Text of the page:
The condition of bilingualism clearly poses some difficulties to clinicians as far as treatment of developmental language disorders is concerned. Bilingualism and the importance of the bilingual context, along with the cognitive abilities of bilingual speakers have been one main focus of the research of Andrea Marini, who is a professor in Neurolinguistics at the University of Udine. As explained in Marini et al. (2019), developing children exposed to a bilingual context may be incorrectly diagnosed with a developmental language disorder or, in contrast, subjects with an actual DLD exposed to two or more languages may not be correctly diagnosed. Such errors in the diagnosis of a DLD are referred to as overdiagnosis (or mistaken identity) in the former case and underdiagnosis (or missed identity) in the latter. Nevertheless, a growing amount of evidence (e.g., Paradis et al. 2011; Marini et al., 2016) shows that adequate exposure to two languages – as well as to one language – results in similar outcomes in terms of language development. Moreover, exposure to a bilingual context does not seem to constitute a risk factor for lexical development as well (Marini et al., 2017). Some factors seem to be more strongly related to the final linguistic attainment, such as the age of first exposure to L2 (Cattani, 2014) and additional effects on cognitive abilities. Among them, a prominent role in language learning and processing is played by phonological short-term and working memory (Verhagen & Leseman, 2016; Riva et al., 2017). Another cognitive process that crucially interacts with language is attention. Attention may be broadly defined as “a set of cognitive processes involved in the selection of internal and external stimuli for processing” (Ebert et al., 2019, p. 979). Attention and language are hypothesized to interact in both bilingual children and children with DLD. Bilingualism is believed to generally enhance attentional control (i.e., the ability to focus on relevant stimuli), as a result of the systematic switching between the two languages (Kapa & Colombo, 2013). On the other hand, children with DLD show some weaknesses attention-wise (Montgomery et al., 2009). According to Ebert (who is a member of the department of Speech-Language-Hearing Sciences at the University of Minnesota Twin Cities) et al. (2019):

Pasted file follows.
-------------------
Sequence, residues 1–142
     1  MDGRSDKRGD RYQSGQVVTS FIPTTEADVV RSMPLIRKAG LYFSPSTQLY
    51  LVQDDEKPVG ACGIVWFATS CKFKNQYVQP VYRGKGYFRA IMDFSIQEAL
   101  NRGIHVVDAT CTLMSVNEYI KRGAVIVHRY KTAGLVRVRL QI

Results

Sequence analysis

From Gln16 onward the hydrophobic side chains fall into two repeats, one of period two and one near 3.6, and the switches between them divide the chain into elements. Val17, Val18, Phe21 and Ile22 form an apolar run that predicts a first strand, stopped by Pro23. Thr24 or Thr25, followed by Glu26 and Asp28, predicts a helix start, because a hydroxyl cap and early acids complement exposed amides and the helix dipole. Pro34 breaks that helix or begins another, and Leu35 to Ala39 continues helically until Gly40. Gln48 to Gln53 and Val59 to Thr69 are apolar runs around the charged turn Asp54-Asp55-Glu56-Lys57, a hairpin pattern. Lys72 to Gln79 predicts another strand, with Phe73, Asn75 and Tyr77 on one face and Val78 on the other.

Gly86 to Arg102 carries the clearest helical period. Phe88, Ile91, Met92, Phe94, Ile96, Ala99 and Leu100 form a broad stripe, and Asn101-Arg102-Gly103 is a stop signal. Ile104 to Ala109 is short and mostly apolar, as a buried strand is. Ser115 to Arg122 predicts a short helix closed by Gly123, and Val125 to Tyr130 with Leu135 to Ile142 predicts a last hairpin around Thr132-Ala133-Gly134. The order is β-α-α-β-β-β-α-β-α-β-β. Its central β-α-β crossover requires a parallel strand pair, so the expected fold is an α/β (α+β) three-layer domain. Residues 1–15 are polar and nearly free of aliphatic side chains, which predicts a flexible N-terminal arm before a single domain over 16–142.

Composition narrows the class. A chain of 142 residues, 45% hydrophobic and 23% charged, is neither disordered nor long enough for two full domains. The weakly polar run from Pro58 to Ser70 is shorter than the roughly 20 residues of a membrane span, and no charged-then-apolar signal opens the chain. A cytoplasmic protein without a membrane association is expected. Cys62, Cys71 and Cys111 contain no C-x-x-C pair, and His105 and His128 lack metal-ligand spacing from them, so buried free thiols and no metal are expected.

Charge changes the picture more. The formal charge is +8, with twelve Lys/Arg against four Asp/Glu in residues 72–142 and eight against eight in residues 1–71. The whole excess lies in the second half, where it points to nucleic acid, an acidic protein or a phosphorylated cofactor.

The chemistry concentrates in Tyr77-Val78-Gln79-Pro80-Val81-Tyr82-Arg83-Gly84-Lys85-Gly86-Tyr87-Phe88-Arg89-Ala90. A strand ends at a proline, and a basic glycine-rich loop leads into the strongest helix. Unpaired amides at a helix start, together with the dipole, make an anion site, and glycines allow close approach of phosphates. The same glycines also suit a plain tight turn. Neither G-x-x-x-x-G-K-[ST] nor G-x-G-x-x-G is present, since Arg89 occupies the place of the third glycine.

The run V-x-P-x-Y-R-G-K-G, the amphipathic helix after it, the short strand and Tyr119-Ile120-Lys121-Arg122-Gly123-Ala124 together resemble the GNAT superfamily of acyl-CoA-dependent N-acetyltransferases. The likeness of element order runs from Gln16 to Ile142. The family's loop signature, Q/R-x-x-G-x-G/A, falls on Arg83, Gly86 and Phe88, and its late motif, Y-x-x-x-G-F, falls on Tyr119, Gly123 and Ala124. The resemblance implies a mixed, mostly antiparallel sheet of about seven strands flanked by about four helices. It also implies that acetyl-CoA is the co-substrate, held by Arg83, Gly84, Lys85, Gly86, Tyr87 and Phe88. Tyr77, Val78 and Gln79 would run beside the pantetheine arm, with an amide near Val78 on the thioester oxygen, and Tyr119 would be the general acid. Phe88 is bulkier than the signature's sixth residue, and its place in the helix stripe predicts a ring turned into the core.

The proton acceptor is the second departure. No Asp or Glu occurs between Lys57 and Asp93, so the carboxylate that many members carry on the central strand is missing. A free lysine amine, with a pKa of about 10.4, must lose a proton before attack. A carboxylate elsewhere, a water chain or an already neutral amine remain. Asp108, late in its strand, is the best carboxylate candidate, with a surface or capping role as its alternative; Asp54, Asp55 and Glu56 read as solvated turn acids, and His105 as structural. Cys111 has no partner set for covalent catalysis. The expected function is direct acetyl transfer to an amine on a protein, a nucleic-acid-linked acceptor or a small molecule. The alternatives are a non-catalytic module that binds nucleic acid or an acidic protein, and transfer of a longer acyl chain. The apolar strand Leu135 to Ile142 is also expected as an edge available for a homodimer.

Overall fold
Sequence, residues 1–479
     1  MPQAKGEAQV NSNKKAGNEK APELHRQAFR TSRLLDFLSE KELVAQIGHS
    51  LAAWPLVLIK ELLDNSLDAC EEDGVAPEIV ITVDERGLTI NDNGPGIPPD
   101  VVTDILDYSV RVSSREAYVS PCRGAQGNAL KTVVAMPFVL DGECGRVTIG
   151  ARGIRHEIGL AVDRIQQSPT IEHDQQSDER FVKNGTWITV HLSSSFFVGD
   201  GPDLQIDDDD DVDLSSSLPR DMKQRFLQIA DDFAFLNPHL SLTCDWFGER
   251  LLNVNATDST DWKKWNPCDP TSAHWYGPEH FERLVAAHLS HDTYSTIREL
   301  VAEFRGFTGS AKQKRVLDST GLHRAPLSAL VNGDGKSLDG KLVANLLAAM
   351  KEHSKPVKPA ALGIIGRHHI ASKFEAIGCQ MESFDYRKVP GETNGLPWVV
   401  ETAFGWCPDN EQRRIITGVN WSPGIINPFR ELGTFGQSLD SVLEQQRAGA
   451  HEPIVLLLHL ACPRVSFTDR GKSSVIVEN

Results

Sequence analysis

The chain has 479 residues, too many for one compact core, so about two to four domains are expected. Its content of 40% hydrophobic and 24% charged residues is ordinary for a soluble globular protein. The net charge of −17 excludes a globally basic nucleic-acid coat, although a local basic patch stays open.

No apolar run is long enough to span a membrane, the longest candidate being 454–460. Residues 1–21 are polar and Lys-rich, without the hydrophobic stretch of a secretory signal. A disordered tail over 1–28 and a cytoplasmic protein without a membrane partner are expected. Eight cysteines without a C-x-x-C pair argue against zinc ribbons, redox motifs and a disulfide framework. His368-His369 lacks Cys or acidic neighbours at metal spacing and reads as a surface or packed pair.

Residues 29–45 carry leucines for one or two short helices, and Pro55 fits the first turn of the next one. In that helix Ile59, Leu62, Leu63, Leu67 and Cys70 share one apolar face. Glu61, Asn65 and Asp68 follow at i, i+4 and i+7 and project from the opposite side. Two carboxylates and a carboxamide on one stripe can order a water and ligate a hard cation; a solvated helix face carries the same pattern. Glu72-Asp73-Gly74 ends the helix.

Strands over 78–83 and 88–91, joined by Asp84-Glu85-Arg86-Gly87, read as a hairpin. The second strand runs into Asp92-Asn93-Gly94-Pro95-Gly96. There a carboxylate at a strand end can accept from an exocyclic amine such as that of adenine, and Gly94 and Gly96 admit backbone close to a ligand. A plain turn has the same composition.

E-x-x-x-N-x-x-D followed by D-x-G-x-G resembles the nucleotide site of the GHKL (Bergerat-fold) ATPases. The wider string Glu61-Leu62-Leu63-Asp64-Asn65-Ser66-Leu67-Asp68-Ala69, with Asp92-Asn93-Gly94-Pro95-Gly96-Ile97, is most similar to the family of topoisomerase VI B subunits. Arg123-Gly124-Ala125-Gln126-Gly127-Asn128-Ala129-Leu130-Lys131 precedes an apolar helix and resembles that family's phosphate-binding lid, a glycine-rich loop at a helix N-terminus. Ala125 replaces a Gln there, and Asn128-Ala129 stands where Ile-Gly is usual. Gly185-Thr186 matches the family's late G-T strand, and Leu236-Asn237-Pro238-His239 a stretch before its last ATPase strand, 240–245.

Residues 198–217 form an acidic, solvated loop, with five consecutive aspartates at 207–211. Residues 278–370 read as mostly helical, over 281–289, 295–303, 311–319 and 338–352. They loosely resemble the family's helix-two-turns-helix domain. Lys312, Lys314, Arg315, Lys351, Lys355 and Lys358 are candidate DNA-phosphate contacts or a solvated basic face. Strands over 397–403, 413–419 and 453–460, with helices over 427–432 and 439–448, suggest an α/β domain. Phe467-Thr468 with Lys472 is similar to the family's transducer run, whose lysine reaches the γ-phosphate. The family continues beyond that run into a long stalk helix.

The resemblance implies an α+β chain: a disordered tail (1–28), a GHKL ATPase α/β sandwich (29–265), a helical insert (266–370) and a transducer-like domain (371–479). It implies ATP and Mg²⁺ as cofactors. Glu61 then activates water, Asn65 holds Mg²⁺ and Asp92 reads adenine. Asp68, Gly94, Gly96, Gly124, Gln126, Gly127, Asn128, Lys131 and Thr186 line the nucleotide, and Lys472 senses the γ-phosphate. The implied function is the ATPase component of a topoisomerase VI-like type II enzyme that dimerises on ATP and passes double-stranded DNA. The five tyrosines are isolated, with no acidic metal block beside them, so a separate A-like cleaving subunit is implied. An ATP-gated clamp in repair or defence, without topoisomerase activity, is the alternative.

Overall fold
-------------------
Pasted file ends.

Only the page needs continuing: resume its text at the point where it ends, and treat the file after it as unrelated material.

Language and attention may interact and shape each other in multiple ways. Two prominent examples of such interactions are the proposed influence of dual language exposure on the development of attention and the possible influence of attention on the development of language skills in children with developmental language disorder (DLD). (p. 979)